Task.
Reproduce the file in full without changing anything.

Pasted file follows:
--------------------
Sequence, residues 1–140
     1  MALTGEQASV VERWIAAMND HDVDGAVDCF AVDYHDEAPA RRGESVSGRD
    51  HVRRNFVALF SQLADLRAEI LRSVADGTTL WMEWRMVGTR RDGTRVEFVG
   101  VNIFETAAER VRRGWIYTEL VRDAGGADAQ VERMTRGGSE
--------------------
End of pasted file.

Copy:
Sequence, residues 1–140
     1  MALTGEQASV VERWIAAMND HDVDGAVDCF AVDYHDEAPA RRGESVSGRD
    51  HVRRNFVALF SQLADLRAEI LRSVADGTTL WMEWRMVGTR RDGTRVEFVG
   101  VNIFETAAER VRRGWIYTEL VRDAGGADAQ VERMTRGGSE